Food fads come and go, but consumers continue to embrace local products in the supermarket and on restaurant menus. However, sourcing from small, local farms can pose challenges for retailers who need a guaranteed steady supply of high-quality product.
Foods hubs are one way that some supermarkets are working around the challenges of sourcing from individual small farms, according to a new report by the Wallace Center at Winrock International — a nonprofit organization based in Arlington, Va., that aims to create a more sustainable, regional food supply.
While these food hubs vary in format and size, they typically aggregate small and medium-sized farms in a particular region, providing services like management of supply chain logistics, as well as marketing and food safety information.
“Food hubs are filling a gap, and they’ve come about because they saw that gap in the system between the small farmers supply and the larger market demand,” John Fisk, director of the Wallace Center, told SN.
The report “Food Hubs: Solving Local” profiles case studies between retailers and established food hubs, including the partnership between the 150-farm food hub Good Natured Family Farms and Ball’s Food Stores, the Kansas City, Kan.-based operator of Hen House Supermarkets.
Ball’s and Good Natured Family Farms have worked together on formalizing the product delivery process. After Ball’s started buy more product from the food hub, Ball’s leased space in its distribution center to Good Natured Family Farms, which also supplies Sysco in Kansas City as well as restaurants, farmers’ markets and other corporations from the warehouse.
The local products from the food hub are popular at Ball’s, long known as a champion for local foods.
“We always had local product, we always sold local product, but not under one banner. So we took this ‘Buy Fresh, Buy Local’ [branding] that became our banner, that became our ad concept,” said Bill Esch, executive director of marketing and advertising at Ball’s.
Local growers and producers from the food hub regularly come in to stores for Meet the Farmer events. Last year, the retailer began offering a Community Supported Agriculture program from Good Natured Family Farms for customers. For $25 weekly, customers receive a seasonal assortment of produce, meat and dairy items.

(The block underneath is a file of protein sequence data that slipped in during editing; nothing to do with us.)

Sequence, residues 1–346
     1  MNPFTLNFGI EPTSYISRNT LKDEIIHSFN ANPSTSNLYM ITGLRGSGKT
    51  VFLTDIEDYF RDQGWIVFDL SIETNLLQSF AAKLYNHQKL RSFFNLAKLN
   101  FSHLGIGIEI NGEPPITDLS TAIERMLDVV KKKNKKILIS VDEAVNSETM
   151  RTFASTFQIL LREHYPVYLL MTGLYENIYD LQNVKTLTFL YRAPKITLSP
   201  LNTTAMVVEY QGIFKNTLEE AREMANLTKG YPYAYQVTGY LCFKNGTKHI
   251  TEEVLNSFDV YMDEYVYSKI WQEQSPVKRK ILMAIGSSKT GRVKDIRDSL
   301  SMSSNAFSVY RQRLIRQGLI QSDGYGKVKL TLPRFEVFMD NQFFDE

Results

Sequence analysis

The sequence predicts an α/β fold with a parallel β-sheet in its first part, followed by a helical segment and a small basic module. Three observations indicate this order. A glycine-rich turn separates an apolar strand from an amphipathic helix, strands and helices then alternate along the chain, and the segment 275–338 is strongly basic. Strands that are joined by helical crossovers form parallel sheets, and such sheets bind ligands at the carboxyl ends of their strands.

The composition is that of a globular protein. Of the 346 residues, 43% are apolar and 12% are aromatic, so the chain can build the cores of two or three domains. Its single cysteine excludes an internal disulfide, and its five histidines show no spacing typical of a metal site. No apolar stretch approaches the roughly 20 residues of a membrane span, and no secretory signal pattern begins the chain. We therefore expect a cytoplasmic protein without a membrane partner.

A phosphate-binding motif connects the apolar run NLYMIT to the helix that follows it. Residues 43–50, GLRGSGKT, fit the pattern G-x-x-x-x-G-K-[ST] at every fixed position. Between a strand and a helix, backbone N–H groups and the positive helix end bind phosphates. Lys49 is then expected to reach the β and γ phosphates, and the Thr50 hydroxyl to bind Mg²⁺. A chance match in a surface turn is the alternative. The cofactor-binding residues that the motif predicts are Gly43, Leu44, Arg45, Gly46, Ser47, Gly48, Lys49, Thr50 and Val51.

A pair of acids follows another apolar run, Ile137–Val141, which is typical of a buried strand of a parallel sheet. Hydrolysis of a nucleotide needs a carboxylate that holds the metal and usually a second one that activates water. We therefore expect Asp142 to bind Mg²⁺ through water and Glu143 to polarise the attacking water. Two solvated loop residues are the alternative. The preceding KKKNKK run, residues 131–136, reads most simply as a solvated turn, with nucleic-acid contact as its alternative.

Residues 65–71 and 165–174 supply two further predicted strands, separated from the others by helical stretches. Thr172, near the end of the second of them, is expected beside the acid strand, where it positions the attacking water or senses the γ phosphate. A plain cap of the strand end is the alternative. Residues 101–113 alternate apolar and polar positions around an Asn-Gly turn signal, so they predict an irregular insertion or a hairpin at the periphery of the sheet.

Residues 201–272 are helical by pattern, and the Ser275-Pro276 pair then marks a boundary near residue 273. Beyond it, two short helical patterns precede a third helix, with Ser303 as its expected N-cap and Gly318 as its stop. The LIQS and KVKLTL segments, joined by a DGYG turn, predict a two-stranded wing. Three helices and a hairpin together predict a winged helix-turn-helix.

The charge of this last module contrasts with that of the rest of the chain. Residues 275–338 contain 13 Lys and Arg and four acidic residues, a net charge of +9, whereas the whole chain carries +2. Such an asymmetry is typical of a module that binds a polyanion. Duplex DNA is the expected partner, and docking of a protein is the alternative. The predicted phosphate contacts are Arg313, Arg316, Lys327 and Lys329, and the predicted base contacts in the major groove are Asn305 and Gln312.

In the fall, Ball’s lets the farmers know what supplies they need the following year, so the farmers are guaranteed sales.
Bob Heuer, one of the authors of the report, said food hubs are helping to preserve 200 to 2,000 acres medium-sized farms that industry observers said were disappearing.
“It’s allowing some of the farmers to change their production plans,” Heuer said.
The report also highlights large retailers that have been working with food hubs. Cherry Capital Farms, a food hub that includes 150 small farms, supplies 60 Kroger stores in Michigan.
Read more: Promoting organics boosts sales at Ball's
“Cherry Capital has been the backbone of our Michigan product engagement initiative, and instrumental in supporting our stores and go-to-market processes. They’ve done far more to place product in our stores beyond traditional brokerages and delivery operations,” Kroger spokesperson Dale Hollandsworth said in the report.
As food hubs are all organized differently, the Wallace Center’s Fisk warns that there will likely be a learning curve for both the retailer and the food hub when they start a partnership.
“The food hub concept is getting its legs, and like any sector it’s sorting itself on developing models that work both financially and work to build the social and economic and environmental outcomes that folks are looking for,” said Fisk.
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